Poems in Memory of Peter Mikuliak
by Richard Dauenhauer
A Triptych for Pamela
in memory of Peter Mikuliak
( April 28, 1944 - September 5, 2000)
I telephone the number that you sent
by email. We were traveling. Back home,
I read my mail. "Peter’s dying now."
A week ago, "A day or two at most.
It’s time to say good by. He may not speak
but probably just listen." So I go
off line and call. It rings and rings and rings.
By this I know that he’s no longer there.
Perhaps it’s true: your life unfolds before you
as you die. Now I recall the times
we had together. Ancient Greek has two
words for time. They intersect in you.
Peter, always punctual in kairos,
the time for action, here and now chrono-
meter of life, but also kept his eye
and watch on khronos, cosmic time: relief
work in war-torn Bosnia, summer
camps in Russia, helping youth restore
its churches. Winters in Alaskan
villages, helping those recovering
from drugs and alcohol. We shared escapes
to opera, Brazilian restaurants,
and Mahler: in the dark nights of the soul
from the tropics to Tyonek, Mahler "sehr
langsam" movements, gathered in your own
anthology. And now the volume fades.
We savor final chords of Mahler, heart
beat ever fainter, lingering, as all
our measurements of time become unreal.
Your passage at the turning of the year:
the Church’s measurement of time
winds down, begins again, conveys us through
Transfiguration first, and then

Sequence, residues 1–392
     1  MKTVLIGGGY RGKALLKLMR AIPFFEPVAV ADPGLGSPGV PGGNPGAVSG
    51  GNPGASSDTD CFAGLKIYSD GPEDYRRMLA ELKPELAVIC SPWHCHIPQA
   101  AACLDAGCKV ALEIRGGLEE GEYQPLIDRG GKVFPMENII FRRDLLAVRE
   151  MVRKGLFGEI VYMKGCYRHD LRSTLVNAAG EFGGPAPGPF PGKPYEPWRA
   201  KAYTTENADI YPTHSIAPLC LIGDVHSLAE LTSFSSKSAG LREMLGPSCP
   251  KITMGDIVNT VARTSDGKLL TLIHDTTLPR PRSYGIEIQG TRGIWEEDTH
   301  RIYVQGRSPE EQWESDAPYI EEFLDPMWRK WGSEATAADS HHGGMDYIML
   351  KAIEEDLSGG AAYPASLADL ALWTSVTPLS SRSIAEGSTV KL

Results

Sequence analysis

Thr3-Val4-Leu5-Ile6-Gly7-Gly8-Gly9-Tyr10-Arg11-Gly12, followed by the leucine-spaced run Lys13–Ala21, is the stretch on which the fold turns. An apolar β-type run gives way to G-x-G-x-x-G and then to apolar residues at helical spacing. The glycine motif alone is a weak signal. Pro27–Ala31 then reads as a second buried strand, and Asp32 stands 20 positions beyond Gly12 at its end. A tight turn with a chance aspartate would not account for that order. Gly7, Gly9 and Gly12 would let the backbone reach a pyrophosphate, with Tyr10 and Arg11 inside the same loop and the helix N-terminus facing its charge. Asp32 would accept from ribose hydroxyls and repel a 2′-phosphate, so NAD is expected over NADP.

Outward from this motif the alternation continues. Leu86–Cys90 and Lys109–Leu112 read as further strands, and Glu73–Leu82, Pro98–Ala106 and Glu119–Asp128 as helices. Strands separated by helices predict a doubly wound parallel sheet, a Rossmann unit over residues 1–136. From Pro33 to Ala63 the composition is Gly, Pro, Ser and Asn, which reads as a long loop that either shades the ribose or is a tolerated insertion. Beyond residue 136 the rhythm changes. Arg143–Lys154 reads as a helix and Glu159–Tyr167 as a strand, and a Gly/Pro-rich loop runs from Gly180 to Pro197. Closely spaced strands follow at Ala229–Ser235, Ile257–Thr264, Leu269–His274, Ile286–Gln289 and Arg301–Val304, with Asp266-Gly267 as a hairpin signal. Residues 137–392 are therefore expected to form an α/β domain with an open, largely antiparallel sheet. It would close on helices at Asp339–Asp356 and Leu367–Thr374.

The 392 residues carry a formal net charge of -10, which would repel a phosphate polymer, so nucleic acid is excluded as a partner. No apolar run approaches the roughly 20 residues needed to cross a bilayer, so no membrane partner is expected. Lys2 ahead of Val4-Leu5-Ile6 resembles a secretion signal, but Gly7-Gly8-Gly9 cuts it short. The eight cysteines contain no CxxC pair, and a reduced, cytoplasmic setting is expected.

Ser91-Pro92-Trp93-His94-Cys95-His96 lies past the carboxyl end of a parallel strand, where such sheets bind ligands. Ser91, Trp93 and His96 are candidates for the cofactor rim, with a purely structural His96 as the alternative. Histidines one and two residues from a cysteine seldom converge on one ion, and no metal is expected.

the end, Dormition, Falling Asleep, with
images of seeds and flowers, each
changing form to be of use again.
The harvest in, the year begins
anew, a second planting in the fields
of time, the images reversed
as in the festal icon: Christ holding
His infant Mother, newly born
into eternity; and turning Sappho,
an image of the Morning Star herding
sheep and children gently home. Even
His brightest stars and constellations fade
at dawn when shown the brilliant light of God.
—Juneau, September 6, 2000
Letter to God
Recommending Peter Mikuliak
(April 28, 1944 - September 5, 2000)
Peter (what a gift to everyone
who knew him) comes well known; his resumé
curriculum of life, though incomplete
from our point of view, is still crammed full
of everything, a vita, race of life,
stunning in its character. So, Lord,
of whom the Psalmist tells us how you know
our very thoughts before we think them, (thus
making words for Peter’s cause redundant),
please accept this letter and these prayers
from us who miss the target, falling short
regularly. And, Peter, por favór,
our menu is obscure, so please advise.
—Juneau, September 8, 2000